This article will show you how to build docker images that contain a single akka cluster application. You will be able to run multiple seed nodes and multiple cluster nodes. The code can be found on Github and will be available as a Typesafe Activator. If you don’t know docker or akka Docker is the new shiny star in the devops world. It lets you easily deploy images toany OS running docker, while providing an isolated environment for the applications running inside the container image. Akka is a framework to build concurrent, resilient, distributed and scalable software systems. The cluster feature lets you distribute your Actors across multiple machines to achieve load balancing, fail-over and the ability to scale up and out. The big picture This is what the running application will look like. No matter where your docker containers will run at the end of the day. The numbers at the top left describe the starting order of the containers.First you have to start your seed nodes, which will “glue” the cluster together. After the first node is started all following seed-nodes have to know the ip address of the initial seed node in order to build up a single cluster. The approach describe in this article is very simple, but easily configurable so you can use it with other provision technologies like chef, puppet or zookeeper. All following nodes that get started need at least one seed-node-ip in order to join the cluster. The application configuration We will deploy a small akka application which only logs cluster events. The entrypoint is fairly simple: object Main extends App {   val nodeConfig = NodeConfig parse args   // If a config could be parsed - start the system nodeConfig map { c => val system = ActorSystem(c.clusterName, c.config)   // Register a monitor actor for demo purposes system.actorOf(Props[MonitorActor], "cluster-monitor")   system.log info s"ActorSystem ${system.name} started successfully" }   } The tricky part is the configuration. First, the akka.remote.netty.tcp.hostname configuration needs to be set to the docker ip address. The port configuration is unimportant as we have unique ip address thanks  to docker. You can read more about docker networking here. Second, the seed nodes should add themselves to the akka.cluster.seed-nodes list. And at last, everything should be configurable through system properties and environment variables. Thanks to the Typesafe Config Library this is achievable (even with some sweat and tears).Generate a small commandline parser with scopt and the following two parameters: –seed flag which determines if  this node starting should act as a seed node ([ip]:[port])… unbounded list of [ip]:[port] which represent the seed nodes Split the configuration in three filesapplication.conf which contains the common configuration node.cluster.conf contains only  the node specific configuration node.seed.conf contains only the seed-node specific configurationA class NodeConfig which orchestrates all settings and cli parameters in the right order and builds a Typesafe Config object.Take a closer look at the NodeConfig  class. The core part is this: // seed nodes as generated string from cli (ConfigFactory parseString seedNodesString) // the hostname .withValue("clustering.ip", ipValue) // node.cluster.conf or node.seed.conf .withFallback(ConfigFactory parseResources configPath) // default ConfigFactory.load but unresolved .withFallback(config) // try to resolve all placeholders (clustering.ip and clustering.port) .resolve The part to resolve the IP address is a bit hacky, but should work in default docker environments. First the eth0 interfaces is searched and then the first isSiteLocalAddress is being returned. IP adresses in the following ranges are local: 172.16.xxx.xxx, 172.31.xxx.xxx , 192.168.xxx.xxx, 10.xxx.xxx.xxx. The main cluster configuration is done inside the clustering section of the application.conf: clustering { # ip = "127.0.0.1" # will be set from the outside or automatically port = 2551 cluster.name = "application" } The ip adress will be filled by the algorithm describe above if nothing else is set. You can easily override all settings with system properties. e.g if you want to run a seed node and a cluster node inside your IDE without docker start both like this: # the seed node -Dclustering.port=2551 -Dclustering.ip=127.0.0.1 --seed # the cluster node -Dclustering.port=2552 -Dclustering.ip=127.0.0.1 127.0.0.1:2551 For sbt this looks like this: # the seed node sbt runSeed # the cluster node sbt runNode The build Next we build our docker image. The sbt-native-packager plugin recently added experimental docker support, so we only need to  configure our build to be docker-ready. First add the plugin to your plugins.sbt. addSbtPlugin("com.typesafe.sbt" % "sbt-native-packager" % "0.7.4") Now we add a few required settings to our build.sbt. You should use sbt 0.13.5 or higher. // adds start script and jar mappings packageArchetype.java_application   // the docker maintainer. You could scope this to "in Docker" maintainer := "Nepomuk Seiler"   // Short package description packageSummary := s"Akka ${version.value} Server" And now we are set. Start sbt and run docker:publishLocal and a docker image will be created for you. The Dockerfile is in target/docker if you want to take a closer look what’s created. Running the cluster Now it’s time to run our containers. The image name is by default name:version. For the our activator it’s akka-docker:2.3.4. The seed ip adresses may vary. You can read it out of the console output of your seed nodes. docker run -i -t -p 2551:2551 akka-docker:2.3.4 --seed docker run -i -t -p 2551:2551 akka-docker:2.3.4 --seed 176.16.0.18:2551 docker run -i -t -p 2551:2551 akka-docker:2.3.4 176.16.0.18:2551 176.16.0.19:2551 docker run -i -t -p 2551:2551 akka-docker:2.3.4 176.16.0.18:2551 176.16.0.19:2551 What about linking? This blog entry describes a different approach to build an akka cluster with docker. I used some of the ideas, but the basic concept is build ontop of linking the docker contains. This allows you to get the ip and port information of the running seed nodes. While this is approach is suitable for single host machines, it seems to get more messy when working with multiple docker machines. The setup in this blog requires only one thing: A central way of assigning host ips. If your seed nodes don’t change their IP adresses you can basically configure almost everything already in your application.conf.Reference: Akka Cluster with Docker containers from our JCG partner Nepomuk Seiler at the mukis.de blog....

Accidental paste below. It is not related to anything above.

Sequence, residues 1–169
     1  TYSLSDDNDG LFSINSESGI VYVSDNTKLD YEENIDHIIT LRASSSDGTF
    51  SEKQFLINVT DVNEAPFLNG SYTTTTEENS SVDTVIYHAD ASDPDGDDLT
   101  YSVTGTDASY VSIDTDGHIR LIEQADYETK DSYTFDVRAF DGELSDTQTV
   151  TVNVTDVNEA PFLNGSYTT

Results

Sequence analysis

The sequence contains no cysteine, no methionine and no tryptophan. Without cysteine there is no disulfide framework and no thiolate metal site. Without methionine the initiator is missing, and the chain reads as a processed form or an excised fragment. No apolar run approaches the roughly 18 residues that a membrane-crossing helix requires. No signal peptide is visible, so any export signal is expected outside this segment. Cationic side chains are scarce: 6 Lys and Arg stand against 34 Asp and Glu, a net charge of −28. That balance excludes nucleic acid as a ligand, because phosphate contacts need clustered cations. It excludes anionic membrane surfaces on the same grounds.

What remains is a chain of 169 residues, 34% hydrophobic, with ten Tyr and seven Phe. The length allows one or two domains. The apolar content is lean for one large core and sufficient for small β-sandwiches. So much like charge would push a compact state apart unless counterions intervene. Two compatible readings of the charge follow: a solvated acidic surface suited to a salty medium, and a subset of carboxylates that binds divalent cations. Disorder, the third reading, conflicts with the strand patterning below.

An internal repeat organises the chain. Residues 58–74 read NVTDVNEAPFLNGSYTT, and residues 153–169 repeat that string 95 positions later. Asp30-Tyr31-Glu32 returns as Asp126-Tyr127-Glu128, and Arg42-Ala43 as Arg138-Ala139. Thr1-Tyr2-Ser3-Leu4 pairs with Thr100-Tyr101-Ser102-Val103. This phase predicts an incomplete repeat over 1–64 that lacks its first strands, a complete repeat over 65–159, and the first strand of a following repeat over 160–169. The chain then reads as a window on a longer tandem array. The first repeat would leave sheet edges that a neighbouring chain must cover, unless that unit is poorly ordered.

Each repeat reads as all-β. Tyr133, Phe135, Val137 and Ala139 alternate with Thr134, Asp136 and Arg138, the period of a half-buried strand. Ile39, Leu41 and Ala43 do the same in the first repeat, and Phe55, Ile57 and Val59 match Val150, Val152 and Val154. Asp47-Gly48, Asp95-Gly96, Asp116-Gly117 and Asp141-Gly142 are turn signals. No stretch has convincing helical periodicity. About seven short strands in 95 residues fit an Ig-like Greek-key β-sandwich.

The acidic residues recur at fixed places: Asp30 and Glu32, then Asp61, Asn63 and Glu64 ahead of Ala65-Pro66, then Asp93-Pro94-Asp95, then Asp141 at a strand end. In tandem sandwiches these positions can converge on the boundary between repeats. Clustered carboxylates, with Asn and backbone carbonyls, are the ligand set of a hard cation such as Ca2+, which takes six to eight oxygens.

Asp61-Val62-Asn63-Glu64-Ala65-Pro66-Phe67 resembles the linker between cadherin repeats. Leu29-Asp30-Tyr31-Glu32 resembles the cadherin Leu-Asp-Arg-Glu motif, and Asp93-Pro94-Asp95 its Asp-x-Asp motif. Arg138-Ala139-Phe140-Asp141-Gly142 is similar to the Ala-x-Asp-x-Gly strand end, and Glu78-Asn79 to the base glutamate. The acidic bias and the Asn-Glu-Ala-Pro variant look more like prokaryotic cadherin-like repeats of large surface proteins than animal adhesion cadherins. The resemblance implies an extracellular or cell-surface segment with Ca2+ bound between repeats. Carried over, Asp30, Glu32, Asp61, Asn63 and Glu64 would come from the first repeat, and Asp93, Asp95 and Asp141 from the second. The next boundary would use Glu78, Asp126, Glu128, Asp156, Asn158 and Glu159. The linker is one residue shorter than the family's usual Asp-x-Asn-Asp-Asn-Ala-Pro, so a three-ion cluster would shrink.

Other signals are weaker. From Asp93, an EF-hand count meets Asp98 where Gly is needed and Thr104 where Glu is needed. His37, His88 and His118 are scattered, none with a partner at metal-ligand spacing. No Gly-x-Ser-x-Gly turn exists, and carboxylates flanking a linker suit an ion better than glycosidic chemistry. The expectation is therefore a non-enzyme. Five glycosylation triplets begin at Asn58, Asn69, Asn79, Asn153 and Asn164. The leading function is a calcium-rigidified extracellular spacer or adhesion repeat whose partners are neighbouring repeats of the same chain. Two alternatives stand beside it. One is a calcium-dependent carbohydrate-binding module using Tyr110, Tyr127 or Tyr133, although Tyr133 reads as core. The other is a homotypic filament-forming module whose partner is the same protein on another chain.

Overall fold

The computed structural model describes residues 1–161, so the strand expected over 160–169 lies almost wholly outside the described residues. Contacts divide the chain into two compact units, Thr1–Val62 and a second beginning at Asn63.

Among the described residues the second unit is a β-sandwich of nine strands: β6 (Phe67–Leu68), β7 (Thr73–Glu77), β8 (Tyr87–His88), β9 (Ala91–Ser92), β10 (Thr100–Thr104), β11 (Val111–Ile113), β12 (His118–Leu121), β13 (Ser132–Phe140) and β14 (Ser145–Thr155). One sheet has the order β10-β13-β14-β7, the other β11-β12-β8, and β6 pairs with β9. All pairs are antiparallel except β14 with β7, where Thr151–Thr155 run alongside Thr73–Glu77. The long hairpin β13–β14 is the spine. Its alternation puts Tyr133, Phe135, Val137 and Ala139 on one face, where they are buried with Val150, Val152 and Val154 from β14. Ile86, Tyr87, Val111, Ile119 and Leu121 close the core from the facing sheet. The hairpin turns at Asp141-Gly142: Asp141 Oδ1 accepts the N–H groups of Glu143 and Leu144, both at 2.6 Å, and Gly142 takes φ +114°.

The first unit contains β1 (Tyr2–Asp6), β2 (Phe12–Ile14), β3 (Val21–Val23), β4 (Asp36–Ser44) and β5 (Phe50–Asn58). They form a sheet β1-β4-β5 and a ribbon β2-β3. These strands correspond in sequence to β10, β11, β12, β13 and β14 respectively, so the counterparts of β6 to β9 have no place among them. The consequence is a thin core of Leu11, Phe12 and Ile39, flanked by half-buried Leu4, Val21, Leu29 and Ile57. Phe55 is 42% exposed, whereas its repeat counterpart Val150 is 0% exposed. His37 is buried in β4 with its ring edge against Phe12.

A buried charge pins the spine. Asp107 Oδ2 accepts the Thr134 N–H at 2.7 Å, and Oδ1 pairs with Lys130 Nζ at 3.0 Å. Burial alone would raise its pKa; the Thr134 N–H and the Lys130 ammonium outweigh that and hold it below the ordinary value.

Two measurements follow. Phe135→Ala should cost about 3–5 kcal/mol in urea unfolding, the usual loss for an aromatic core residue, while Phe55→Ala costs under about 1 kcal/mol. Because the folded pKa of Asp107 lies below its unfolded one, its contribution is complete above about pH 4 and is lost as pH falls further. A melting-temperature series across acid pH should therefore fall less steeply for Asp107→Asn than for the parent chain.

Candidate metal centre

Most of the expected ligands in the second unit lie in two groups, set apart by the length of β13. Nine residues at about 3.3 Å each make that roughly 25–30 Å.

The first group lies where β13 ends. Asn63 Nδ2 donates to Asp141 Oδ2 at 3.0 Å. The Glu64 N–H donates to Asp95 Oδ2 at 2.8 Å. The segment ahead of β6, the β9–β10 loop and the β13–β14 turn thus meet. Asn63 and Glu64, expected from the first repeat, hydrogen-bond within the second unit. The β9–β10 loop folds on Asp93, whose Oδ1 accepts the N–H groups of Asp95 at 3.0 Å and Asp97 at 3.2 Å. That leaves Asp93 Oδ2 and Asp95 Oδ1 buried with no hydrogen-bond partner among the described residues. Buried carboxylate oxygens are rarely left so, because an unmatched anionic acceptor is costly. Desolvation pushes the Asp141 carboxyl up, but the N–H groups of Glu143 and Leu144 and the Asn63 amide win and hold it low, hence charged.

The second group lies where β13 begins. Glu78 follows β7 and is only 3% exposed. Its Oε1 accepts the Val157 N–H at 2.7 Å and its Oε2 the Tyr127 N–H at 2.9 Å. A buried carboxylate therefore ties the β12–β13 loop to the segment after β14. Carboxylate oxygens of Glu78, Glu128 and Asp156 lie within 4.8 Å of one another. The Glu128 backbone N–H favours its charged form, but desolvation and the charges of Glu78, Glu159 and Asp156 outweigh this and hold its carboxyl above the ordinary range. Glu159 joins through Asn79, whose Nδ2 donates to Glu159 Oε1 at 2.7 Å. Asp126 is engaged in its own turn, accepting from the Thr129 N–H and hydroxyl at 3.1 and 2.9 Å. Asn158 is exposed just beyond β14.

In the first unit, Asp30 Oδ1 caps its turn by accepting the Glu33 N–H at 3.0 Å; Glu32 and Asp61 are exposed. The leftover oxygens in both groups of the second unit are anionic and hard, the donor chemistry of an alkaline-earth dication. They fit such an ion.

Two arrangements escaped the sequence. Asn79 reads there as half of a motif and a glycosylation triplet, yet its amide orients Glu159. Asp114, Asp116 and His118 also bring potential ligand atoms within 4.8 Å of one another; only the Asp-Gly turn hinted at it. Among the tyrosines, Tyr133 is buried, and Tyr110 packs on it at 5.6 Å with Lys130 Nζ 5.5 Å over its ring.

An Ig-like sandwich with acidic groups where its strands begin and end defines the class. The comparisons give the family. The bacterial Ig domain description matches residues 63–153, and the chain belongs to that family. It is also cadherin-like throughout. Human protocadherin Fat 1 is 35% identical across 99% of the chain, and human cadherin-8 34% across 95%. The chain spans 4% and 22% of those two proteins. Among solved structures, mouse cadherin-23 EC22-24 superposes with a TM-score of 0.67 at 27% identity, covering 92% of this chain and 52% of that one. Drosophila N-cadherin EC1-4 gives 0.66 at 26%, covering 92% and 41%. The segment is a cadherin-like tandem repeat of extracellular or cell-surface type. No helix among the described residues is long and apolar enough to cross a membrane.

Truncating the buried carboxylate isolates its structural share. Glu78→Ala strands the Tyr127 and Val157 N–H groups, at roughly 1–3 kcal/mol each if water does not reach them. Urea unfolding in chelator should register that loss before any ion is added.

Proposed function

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JPA Tutorial – Setting Up JPA in a Java SE Environment